1. 3 Surgical anatomy stations
2. 2 Surgical pathology stations
3. 3 Applied surgical science and critical care stations
a) 1 Generic critical care
b) 1 Generic interpretation of written data
c) 1 Generic interpretation of visual information

Skills (10 stations)

1. 4 Communication skills stations
a) 2 Generic history taking
b) 1 Generic giving information to a patient/relative
c) 1 Generic giving information to another health professional
2. 6 Clinical and procedural skills stations
a) 4 Physical examination
b) 2 Generic skills

BDI Resourcing’s Tips to taking your Intercollegiate MRCS

1. Enough Preparation Time

Deciding when to book your exam is one of the most important factors in your success. We advise that if you have a flexible work schedule which would allow you to study for at least four hours a day – then you should book your exams at least six months in advance. However, if you have a very busy work schedule and only have two to three hours free a day for study time you should book your exam a year in advance.

In addition, until you book your exam date you may be in denial about starting your exam preparation so we advise for you to book your exam date at your earliest convenience.

2. Choose your Study Resources

There is often the temptation to try and methodically work your way through the syllabus before starting practise questions. However, it is important to remember that the MRCS syllabus is vast and you probably know more than you think.

Therefore, we advise for you to start your revision off by doing a practice paper and use the results to identify which areas are your weaknesses and which are your strengths. You will then be able to strengthen your weaker areas and mix your revision up by practising multiple-choice questions and extended-matching questions.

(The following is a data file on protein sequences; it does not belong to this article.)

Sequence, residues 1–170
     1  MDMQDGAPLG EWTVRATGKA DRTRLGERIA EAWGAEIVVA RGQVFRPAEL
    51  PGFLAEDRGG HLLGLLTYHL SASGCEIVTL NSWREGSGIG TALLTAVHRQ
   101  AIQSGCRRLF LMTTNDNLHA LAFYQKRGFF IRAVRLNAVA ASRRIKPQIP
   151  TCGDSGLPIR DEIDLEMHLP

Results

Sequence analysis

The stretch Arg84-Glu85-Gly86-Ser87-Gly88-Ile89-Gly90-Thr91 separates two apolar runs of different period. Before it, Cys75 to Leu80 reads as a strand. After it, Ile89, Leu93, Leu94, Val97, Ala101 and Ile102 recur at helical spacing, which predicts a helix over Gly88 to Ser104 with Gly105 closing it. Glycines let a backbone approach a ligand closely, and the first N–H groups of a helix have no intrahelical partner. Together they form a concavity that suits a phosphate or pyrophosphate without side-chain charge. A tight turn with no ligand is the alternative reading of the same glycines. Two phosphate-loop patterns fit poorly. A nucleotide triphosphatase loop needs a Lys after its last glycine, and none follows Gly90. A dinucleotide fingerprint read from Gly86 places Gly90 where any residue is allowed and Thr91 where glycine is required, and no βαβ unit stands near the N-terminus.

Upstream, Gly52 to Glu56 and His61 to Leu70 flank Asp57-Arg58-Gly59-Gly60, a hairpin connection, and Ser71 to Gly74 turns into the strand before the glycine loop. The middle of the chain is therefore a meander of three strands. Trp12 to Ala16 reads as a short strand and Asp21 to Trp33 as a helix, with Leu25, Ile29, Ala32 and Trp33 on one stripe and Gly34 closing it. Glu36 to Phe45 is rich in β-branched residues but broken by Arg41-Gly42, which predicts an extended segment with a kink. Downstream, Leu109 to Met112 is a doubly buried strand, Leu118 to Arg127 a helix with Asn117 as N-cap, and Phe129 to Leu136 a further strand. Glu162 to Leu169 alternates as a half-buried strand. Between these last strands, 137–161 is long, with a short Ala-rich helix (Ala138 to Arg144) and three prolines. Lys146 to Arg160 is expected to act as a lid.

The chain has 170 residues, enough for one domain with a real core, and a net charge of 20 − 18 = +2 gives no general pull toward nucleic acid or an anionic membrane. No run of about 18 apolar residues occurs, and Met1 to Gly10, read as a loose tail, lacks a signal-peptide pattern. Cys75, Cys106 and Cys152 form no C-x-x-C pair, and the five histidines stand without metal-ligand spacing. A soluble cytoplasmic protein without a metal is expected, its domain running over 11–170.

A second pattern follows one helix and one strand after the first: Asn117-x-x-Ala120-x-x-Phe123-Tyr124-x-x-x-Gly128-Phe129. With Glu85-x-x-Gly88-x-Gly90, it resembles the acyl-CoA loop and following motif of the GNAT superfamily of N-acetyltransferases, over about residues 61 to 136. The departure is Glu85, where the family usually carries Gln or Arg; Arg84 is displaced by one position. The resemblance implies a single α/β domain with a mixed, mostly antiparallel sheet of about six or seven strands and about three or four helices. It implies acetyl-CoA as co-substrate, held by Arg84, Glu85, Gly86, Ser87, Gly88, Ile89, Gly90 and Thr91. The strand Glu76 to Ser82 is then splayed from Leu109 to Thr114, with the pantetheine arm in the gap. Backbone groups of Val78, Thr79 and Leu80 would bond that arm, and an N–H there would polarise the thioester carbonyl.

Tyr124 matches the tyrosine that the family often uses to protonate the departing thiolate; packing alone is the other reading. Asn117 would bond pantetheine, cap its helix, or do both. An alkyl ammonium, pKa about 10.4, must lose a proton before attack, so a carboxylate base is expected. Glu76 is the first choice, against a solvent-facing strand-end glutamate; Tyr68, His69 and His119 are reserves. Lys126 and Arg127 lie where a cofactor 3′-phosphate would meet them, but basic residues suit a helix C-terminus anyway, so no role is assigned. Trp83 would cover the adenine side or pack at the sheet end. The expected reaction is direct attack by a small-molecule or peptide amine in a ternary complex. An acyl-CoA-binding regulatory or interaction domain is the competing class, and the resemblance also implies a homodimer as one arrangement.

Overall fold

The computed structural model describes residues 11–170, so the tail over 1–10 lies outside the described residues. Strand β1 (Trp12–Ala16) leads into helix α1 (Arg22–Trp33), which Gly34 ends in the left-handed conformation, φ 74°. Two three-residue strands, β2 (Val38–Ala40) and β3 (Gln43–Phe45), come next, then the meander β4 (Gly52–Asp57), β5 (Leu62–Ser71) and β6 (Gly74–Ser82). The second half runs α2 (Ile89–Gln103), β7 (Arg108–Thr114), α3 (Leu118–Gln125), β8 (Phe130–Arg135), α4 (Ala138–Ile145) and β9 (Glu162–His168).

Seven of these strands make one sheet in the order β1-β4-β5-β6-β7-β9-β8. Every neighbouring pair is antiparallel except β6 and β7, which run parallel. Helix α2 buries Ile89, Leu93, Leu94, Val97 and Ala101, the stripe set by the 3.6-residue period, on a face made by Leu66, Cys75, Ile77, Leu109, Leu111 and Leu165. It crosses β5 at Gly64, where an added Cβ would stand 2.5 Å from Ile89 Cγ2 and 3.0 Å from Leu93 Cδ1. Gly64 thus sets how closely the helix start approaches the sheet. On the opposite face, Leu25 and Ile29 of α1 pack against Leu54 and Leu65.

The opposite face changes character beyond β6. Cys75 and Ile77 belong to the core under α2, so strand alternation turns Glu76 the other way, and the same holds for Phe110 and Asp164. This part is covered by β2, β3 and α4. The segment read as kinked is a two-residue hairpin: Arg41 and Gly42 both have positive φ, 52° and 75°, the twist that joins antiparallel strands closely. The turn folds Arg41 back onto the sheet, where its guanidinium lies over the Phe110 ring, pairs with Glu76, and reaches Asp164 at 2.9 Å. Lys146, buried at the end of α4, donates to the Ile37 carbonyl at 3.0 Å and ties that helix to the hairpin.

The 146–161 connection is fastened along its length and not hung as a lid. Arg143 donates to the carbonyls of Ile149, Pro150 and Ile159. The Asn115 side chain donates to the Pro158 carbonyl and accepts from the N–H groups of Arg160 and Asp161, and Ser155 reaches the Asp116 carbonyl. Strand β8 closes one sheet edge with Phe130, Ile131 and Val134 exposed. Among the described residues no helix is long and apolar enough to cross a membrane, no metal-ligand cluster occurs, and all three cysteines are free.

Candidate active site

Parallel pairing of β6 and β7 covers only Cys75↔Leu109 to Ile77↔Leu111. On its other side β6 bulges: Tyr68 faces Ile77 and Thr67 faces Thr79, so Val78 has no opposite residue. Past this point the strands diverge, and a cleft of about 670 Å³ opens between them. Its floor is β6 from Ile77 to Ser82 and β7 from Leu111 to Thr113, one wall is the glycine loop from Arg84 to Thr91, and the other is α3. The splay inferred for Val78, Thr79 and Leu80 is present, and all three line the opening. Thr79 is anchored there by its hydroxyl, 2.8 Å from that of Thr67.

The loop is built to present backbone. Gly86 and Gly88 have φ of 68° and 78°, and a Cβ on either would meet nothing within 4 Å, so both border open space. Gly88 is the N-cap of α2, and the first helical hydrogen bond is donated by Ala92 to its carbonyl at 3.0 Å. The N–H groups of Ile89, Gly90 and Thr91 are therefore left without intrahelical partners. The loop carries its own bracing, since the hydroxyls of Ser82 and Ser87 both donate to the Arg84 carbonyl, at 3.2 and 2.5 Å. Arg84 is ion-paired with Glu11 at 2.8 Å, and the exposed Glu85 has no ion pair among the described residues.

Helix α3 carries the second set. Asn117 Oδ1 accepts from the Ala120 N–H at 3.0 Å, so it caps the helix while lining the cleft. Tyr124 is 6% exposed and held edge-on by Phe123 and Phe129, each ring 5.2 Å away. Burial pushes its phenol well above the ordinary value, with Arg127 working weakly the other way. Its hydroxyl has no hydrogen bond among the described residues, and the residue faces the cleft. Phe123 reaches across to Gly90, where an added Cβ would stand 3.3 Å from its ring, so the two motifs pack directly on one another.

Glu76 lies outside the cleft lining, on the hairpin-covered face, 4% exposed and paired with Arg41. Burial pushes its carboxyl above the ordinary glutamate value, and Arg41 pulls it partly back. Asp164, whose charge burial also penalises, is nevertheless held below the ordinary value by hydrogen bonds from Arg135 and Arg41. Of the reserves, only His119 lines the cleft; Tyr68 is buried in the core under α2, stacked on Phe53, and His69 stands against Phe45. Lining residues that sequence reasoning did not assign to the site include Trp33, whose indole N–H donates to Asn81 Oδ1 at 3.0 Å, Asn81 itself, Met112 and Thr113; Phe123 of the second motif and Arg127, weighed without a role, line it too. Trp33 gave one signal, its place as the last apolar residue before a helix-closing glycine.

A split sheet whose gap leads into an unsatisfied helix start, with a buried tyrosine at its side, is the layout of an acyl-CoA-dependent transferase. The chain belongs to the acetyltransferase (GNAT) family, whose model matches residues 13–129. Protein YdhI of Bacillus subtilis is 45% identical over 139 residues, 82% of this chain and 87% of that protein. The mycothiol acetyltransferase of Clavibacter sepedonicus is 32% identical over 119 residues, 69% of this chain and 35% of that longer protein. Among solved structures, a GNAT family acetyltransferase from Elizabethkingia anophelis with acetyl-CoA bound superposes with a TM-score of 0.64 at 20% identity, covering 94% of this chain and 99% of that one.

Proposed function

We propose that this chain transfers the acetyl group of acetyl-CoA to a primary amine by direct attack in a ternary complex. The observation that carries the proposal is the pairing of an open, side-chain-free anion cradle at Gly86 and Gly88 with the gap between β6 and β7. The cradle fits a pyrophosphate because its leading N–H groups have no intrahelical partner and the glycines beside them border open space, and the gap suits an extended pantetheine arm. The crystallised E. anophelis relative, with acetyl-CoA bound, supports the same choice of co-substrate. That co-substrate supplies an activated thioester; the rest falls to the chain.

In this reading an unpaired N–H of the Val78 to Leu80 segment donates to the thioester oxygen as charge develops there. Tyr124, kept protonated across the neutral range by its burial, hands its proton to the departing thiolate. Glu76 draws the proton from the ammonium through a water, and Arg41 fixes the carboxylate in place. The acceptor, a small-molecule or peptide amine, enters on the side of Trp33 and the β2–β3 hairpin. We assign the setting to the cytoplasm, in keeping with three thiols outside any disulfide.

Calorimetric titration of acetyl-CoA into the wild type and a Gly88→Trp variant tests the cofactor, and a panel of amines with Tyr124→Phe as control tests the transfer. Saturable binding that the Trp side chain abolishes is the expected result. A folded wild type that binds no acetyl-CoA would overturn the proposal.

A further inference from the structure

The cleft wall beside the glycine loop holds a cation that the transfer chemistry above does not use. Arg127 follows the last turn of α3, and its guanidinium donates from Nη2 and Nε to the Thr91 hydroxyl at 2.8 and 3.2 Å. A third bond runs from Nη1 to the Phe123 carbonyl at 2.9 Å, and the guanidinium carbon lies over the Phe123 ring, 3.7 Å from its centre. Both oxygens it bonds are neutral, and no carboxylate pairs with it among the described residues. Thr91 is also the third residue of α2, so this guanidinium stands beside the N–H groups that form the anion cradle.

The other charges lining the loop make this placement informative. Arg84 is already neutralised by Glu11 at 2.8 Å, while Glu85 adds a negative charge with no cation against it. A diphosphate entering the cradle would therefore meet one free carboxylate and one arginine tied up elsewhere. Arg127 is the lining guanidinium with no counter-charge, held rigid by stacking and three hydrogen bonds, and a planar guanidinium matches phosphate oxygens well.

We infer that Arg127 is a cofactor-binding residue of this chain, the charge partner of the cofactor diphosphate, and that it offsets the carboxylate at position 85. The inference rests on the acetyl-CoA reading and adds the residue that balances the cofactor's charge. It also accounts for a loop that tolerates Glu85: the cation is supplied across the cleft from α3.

Furthermore, do not just practice past papers - using a mix of online revision resources, textbooks and perhaps a revision course will help you keep your learning varied and thus you will be more likely to obtain the information you are learning. A lot of IMG’s find the revision website and smartphone app ‘Geeky Medics’ useful as it provides free medical student revision resources, including OSCE guides, clinical skills videos, clinical cases and MCQ / SBA quizzes – all accessible in an examination scenario.

If you are an IMG who wants to relocate to the UK and work for the NHS then send your CV to [email protected] – and one of our Specialist Advisers will be happy to guide and support you through your journey to the UK. We look forward to hearing from you!

Alternatively, head over to our Facebook Group: IMG Advisor for an online support network of IMG’s who want to relocate to the UK.


“Intercollegiate Committee for Basic Surgical Examinations” (2017) Guide to the Intercollegiate MRCS Examination. Accessed on 8th May 2018 from